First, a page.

The Lattes and Other Sugar-Sweetened Beverages Increase Your Diabetes Risk
- Researchers say people who drink increasing amounts of sugar-sweetened beverages have a 16 percent higher diabetes risk.
- Experts say switching to diet soda doesn’t lower your risk.
- Reducing the number of sugary beverages you drink per day can help.
Reducing your risk of type 2 diabetes may be as simple as changing what’s in your glass.
Recent research from the Harvard T.H. Chan School of Public Health reports that people who drink increasing quantities of sugary beverages (including soda and 100 percent fruit juice) face a “moderately” higher risk for type 2 diabetes.
The study tracked consumption of sugary beverages in 192,000 study participants over the course of 26 years while assessing their general health every 4 years.
Researchers said they found that people who drank increasing amounts of sugar-sweetened beverages and 100 percent fruit juice had a 16 percent higher risk of type 2 diabetes.
With obesity rates continuing to climb, obesity, diabetes, and weight loss experts are frustrated that many people would still choose to consume soda on a daily basis.
“I don’t understand why you’d want to spend those calories and sugar intake on a drink versus something you can actually eat,” said Alexis Elliott, LCSW, LISW-CP, CDE, a health coach with a specialty in treating people with diabetes and those living with obesity and eating disorders.
“Sure, people know it’s not good for you, but they don’t understand just how much sugar is in one can of soda,” Elliott told Healthline.
Many people may not know the beverage they’re drinking contains more sugar than 1 serving of Skittles candy, for example:
- one 12-ounce can of Coca Cola contains 39 grams of sugar
- one 12-ounce glass of 100 percent orange juice contains 30.9 grams of sugar
- one 12-ounce cup (a “Tall”) of Starbucks Chai Tea Latte contains 32 grams of sugar
- one quarter-cup of Skittles contains 29 grams of sugar
Fruit juice also continues to be confusing for those trying to improve their nutrition, especially with trendy “juicing” gadgets.
“The problem with fruit juice is that you’re just getting the sugar without any of the fiber or nutrients you need and benefit from when you eat an apple,” explained Elliott.
“Below the neck, your body doesn’t know the difference between apple juice and sugar water, but it does know the difference between an actual apple and a cup of fruit juice — even if it’s 100 percent juice,” she said.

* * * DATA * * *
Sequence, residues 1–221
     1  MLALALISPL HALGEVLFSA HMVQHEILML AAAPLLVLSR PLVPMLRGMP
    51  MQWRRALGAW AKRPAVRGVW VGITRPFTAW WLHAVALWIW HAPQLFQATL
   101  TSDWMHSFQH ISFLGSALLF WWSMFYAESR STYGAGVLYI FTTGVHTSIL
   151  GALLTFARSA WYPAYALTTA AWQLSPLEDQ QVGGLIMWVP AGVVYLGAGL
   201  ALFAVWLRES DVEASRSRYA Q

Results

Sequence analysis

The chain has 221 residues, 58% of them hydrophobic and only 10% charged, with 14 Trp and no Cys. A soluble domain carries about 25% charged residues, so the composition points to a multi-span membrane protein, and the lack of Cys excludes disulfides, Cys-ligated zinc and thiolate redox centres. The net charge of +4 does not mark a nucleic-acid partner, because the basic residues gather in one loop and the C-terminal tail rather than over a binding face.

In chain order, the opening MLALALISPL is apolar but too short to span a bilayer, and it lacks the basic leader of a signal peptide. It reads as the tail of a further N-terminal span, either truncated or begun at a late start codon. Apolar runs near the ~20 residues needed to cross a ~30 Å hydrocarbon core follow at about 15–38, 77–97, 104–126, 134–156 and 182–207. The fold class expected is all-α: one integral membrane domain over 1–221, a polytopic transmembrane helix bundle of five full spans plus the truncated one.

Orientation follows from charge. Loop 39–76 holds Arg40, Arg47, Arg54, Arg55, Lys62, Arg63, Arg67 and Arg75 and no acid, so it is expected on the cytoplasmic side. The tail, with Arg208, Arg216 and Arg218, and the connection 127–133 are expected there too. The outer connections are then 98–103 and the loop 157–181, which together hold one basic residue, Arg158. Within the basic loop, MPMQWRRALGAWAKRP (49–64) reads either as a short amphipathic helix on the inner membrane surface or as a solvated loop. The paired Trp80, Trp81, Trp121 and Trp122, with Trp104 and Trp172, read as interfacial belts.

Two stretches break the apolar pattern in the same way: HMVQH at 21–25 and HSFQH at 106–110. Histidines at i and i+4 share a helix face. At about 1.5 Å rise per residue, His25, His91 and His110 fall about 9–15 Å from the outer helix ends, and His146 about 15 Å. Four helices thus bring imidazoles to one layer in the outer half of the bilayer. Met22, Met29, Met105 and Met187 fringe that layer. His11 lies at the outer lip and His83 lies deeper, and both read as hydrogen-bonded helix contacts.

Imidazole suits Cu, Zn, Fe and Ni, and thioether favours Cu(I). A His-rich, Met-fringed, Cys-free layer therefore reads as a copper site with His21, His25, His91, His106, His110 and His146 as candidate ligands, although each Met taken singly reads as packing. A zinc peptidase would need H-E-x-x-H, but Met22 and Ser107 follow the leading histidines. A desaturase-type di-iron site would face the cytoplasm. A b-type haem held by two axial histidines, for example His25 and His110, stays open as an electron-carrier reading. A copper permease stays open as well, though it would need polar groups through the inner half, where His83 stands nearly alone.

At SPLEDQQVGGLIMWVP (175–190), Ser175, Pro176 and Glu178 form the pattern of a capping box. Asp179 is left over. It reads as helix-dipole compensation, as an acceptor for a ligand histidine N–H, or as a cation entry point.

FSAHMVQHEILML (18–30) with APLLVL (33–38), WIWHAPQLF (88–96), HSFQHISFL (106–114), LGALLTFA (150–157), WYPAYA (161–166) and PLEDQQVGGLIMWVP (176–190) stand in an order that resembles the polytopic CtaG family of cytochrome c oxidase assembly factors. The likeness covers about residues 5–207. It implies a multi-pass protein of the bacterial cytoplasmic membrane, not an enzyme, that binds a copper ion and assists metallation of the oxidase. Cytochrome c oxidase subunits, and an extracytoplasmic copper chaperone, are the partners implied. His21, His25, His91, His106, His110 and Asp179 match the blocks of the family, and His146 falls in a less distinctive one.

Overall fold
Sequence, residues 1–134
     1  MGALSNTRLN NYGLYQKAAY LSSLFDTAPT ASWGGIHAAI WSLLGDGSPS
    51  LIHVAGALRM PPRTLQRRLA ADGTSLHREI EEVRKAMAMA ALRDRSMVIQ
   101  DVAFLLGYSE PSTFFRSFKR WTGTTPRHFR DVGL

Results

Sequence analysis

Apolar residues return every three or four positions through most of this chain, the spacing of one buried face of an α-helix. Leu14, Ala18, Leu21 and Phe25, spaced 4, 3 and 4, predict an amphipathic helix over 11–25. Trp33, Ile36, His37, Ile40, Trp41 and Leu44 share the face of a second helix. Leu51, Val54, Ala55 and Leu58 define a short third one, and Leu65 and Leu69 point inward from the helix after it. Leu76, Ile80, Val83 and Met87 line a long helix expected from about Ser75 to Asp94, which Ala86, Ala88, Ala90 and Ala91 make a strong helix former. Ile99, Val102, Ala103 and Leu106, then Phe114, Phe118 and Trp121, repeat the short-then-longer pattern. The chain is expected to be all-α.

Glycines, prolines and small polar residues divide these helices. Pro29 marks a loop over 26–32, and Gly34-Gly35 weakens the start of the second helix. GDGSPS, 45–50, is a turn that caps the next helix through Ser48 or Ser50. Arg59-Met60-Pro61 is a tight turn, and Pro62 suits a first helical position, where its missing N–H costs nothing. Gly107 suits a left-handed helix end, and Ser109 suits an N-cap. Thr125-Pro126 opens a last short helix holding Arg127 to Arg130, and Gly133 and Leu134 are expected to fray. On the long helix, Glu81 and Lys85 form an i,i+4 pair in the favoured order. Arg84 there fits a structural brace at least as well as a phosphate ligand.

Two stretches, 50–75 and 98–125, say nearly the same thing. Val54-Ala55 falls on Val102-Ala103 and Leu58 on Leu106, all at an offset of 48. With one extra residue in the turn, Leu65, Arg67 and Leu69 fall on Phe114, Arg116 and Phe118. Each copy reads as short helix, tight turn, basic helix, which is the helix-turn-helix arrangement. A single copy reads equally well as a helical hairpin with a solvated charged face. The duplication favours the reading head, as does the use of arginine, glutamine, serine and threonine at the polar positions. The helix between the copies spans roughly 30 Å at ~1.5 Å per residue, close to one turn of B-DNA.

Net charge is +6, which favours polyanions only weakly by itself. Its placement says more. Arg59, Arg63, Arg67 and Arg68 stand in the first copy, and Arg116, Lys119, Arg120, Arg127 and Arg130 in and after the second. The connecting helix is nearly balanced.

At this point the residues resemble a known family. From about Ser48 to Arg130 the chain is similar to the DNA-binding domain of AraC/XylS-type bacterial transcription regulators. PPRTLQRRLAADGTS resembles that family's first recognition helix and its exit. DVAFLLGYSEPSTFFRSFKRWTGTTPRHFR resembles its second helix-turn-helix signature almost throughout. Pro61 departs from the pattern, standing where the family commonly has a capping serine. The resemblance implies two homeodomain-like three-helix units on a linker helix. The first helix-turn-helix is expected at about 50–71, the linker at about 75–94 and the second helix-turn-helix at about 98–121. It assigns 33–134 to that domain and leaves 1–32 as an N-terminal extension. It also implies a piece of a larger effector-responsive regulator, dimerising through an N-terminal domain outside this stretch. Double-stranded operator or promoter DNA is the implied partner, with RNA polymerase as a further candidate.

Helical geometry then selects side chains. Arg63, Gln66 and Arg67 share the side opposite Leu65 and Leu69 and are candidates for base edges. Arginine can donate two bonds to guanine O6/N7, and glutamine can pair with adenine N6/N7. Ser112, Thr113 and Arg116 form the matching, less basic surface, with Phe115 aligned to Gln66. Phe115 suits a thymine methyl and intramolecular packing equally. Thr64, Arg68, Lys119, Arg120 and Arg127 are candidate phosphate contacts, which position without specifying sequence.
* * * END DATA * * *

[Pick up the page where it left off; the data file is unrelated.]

This research shouldn’t send you to the store in search of diet sodas either.
People who drink artificially-sweetened beverages (ASBs) had an 18 percent higher risk of type 2 diabetes, but the study authors cautioned other variables play into this finding.
“The findings regarding ASBs should be interpreted with caution due to the possibility of reverse causation (individuals already at high risk for diabetes may switch from sugary beverages to diet drinks) and surveillance bias (high-risk individuals are more likely to be screened for diabetes and thus diagnosed more rapidly),” explained the report.
Aspartame — the most common artificial sweetener in diet sodas — has come under the microscope before.
While it doesn’t raise blood sugars immediately after being consumed, a 2018 studyTrusted Source suggested the sweetener may potentially affect cortisol levels and insulin resistance.
Experts say switching from soda to diet soda isn’t the answer. Instead, the goal should be to focus on drinking more water.
“Sugar can be more addictive than heroin,” explained Elliott. “But we are exposed to sugar all the time, and society considers it an acceptable form of addictive substance, so it’s much harder to manage or avoid.”
When working with clients, Elliott often sees this dependence on sugar in the most seemingly harmless food choices, such as flavored coffee creamer.
“I have so many clients who can’t quit those sugar-sweetened coffee creamers, and there’s so much sugar in one tiny serving,” she said.
While some details in the criteria for addiction don’t strictly apply to sugar, many others do, explained Elliott.
“First, are you drinking the substance in larger amounts to get the same effects? Did you used to drink 1 can of soda a day, and now you’re having 2 or 3 a day?” she said.
“This happens with caffeine very easily,” said Elliott. “You used to drink 1 cup of coffee, but now you don’t feel like yourself until you’ve had at least 2 or 3 cups.”
“Secondly,” continued Elliott, “have you been wanting to cut down on the substance but can’t manage to? And spending a lot of time or energy thinking about quitting? These are signs of addiction.”
“This next one is a big one for sugar and diabetes — do you continue to use the substance even though you know you have a problem that is negatively affecting your life? Like a diabetes diagnosis,” Elliott said. “And lastly, do you have withdrawal symptoms when you do stop using the substance?”
A drastic reduction in your sugar intake will likely lead to withdrawal symptoms that include headaches, irritability, fatigue, and even a bit of trembling.
“You can train your taste buds just like you train your muscles, and one day you’ll take a sip of something with sugar that you haven’t had in a long time, and you’ll think, ‘How did I used to drink this every day?’”